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HomeNL-2017-04 Observations of a Trip Leader

Observations of a Trip Leader
May 1986
by Leonard Hulsebosch

Introduction

The newsletter section of this web site contains 40 years of Houston Canoe Club newsletters. Amidst those many publications are buried a lot of gems of wisdom, that are still just as valid today as when they first appeared. The following gem of an article is one of those, written by former HCC Governor Leonard Hulsebosch (1985-1987), and is reprinted here for your reading enjoyment and contemplation. 



River running is a gregarious, social sport. There are of course, many good reasons for paddling in groups. It is a fundamentally sound strategy, and under most circumstances, one is safer for doing so. But the concept of safety in numbers has its limits, and in some circumstances, can be a false and tragic illusion.

A kayaker or canoer who goes swimming or gets snagged by a dead-fall, or encounters some other difficulty, frequently discovers that no one else can reach him in safety - or in time!

Thus, it is important for river runners to remember that no matter how many boats are in the party, you are in essence, still traveling alone. (The more challenging the water, the more true this becomes.)

Our habit of paddling in groups poses other risks. For one thing, there is often the unspoken refrain of "I dare you!" or "If you will, I will" in river running. For this reason, or for reasons of pride, or because they don't want to buck the flow, weak paddlers may disregard their best judgement and follow stronger paddlers into water they would not attempt alone. The paddlers might be termed "abdicators" because they are abdicating their skill level.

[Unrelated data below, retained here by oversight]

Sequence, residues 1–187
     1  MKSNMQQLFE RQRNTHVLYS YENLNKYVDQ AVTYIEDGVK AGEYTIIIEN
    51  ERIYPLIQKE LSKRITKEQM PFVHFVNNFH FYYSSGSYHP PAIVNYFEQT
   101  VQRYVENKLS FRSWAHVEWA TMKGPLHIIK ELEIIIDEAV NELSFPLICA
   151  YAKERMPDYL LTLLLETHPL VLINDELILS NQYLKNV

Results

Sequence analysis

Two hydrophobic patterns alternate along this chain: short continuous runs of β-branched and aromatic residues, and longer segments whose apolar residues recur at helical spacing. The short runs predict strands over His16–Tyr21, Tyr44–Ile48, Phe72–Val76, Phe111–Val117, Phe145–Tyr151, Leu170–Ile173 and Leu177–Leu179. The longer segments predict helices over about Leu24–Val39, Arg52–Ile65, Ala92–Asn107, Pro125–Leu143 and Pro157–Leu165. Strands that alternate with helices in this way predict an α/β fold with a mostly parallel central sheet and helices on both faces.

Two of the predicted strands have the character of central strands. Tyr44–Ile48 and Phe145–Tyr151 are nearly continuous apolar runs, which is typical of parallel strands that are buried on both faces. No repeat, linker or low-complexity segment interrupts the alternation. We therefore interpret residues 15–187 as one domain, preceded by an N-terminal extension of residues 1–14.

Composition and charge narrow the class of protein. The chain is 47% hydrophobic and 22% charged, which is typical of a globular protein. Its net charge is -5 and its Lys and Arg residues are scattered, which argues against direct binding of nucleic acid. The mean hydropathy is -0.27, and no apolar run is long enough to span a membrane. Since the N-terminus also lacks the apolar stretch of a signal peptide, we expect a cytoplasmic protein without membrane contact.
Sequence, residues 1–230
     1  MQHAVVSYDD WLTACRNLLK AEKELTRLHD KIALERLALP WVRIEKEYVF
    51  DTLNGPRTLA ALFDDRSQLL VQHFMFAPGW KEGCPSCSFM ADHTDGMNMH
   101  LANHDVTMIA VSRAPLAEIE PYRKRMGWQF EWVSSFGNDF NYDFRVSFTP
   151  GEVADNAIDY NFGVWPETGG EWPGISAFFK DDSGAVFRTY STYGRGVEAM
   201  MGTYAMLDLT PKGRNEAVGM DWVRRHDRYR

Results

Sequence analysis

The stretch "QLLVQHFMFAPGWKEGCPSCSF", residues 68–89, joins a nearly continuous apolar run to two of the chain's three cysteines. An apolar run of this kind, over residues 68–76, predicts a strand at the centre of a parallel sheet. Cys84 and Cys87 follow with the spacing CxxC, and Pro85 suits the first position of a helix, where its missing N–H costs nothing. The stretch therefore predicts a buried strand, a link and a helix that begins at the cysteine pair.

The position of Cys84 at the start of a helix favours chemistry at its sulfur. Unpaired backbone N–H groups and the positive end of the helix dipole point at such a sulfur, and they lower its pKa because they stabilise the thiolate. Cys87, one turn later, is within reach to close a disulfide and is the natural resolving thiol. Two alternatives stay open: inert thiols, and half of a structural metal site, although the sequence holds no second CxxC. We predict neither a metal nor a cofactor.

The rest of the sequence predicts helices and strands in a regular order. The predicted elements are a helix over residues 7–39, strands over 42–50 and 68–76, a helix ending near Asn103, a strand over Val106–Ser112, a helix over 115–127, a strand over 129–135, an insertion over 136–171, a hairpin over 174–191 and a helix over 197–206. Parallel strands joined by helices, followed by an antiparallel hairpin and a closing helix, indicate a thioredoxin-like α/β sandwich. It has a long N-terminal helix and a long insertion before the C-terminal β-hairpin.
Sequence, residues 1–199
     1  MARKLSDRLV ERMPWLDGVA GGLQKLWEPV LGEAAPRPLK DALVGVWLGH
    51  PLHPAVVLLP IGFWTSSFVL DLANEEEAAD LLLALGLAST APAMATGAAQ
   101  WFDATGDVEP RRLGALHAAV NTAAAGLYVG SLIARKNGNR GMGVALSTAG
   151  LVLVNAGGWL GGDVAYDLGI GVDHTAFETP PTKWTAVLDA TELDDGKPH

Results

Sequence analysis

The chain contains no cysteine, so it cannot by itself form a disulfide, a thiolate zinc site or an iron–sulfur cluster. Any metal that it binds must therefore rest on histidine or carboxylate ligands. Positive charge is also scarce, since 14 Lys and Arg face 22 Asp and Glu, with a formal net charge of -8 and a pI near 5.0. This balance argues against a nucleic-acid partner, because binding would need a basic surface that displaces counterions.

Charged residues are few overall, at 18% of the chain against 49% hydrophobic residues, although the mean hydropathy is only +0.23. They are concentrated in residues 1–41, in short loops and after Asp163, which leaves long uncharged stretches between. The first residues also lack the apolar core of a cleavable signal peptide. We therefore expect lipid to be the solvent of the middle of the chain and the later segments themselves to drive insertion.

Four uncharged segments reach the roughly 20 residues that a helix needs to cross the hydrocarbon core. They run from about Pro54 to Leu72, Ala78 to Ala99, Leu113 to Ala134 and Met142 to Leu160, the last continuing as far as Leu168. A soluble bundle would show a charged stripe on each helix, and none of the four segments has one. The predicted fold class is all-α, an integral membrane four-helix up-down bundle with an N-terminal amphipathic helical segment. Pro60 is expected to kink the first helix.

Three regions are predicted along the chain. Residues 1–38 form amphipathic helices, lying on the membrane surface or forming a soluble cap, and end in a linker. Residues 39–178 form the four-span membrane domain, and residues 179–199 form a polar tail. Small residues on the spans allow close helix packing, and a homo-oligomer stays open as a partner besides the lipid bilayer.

If weak paddlers are prone to be "abdicators", intermediate and expert paddlers are prone to be, for lack of a better descriptive adjective, "immortals"! Immortals have a sense of personal invulnerability that makes them reluctant to acknowledge their limitations and and blind to those of others. In groups, their motto tends to be "mind your own bacon" or "every man for himself".

Although their power, when directly experienced is numbing, rivers also have the capacity to lull into overconfidence. Unique among hazardous environments, rivers may appear to be tranquil, alluring, even placid, when in reality they are riddled with danger!

All in ail, rivers and river environments seem perfectly designed to lure us into an overconfident, laid back, float and bloat mentality. Ironically, that's one of boating's primary pleasures - and its major hazard!

Next month we'll talk about the error of underestimating the rivers, and we'll meet "Fast-water Fred". See y'all then.




The author,
Leonard Hulsebosch (right)